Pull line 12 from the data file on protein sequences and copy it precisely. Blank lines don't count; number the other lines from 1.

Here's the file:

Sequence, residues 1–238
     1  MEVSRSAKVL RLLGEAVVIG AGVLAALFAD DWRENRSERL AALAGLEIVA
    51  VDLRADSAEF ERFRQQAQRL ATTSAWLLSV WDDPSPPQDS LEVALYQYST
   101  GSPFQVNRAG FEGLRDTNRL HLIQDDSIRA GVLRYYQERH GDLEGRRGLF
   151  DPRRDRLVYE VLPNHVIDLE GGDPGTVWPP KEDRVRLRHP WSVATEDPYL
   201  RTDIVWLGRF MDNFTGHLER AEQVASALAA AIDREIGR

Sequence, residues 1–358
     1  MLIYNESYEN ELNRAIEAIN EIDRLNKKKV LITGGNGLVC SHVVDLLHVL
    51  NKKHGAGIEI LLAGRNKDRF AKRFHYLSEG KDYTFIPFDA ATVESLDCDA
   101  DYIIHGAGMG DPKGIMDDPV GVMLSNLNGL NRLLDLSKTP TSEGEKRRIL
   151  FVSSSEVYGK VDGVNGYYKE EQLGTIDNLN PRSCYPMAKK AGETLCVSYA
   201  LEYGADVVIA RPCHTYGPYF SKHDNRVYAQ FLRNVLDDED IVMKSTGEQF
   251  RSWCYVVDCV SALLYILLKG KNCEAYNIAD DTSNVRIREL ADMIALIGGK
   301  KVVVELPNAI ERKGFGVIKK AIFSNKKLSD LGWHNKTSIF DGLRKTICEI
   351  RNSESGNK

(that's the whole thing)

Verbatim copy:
   201  LEYGADVVIA RPCHTYGPYF SKHDNRVYAQ FLRNVLDDED IVMKSTGEQF